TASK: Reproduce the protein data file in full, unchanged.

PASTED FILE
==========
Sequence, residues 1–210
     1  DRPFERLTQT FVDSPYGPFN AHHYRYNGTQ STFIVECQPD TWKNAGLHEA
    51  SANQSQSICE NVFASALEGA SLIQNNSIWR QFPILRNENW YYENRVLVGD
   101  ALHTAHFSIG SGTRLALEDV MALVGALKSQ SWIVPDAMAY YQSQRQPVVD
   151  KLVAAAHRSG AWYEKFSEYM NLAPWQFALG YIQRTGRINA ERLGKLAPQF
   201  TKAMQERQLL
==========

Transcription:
Sequence, residues 1–210
     1  DRPFERLTQT FVDSPYGPFN AHHYRYNGTQ STFIVECQPD TWKNAGLHEA
    51  SANQSQSICE NVFASALEGA SLIQNNSIWR QFPILRNENW YYENRVLVGD
   101  ALHTAHFSIG SGTRLALEDV MALVGALKSQ SWIVPDAMAY YQSQRQPVVD
   151  KLVAAAHRSG AWYEKFSEYM NLAPWQFALG YIQRTGRINA ERLGKLAPQF
   201  TKAMQERQLL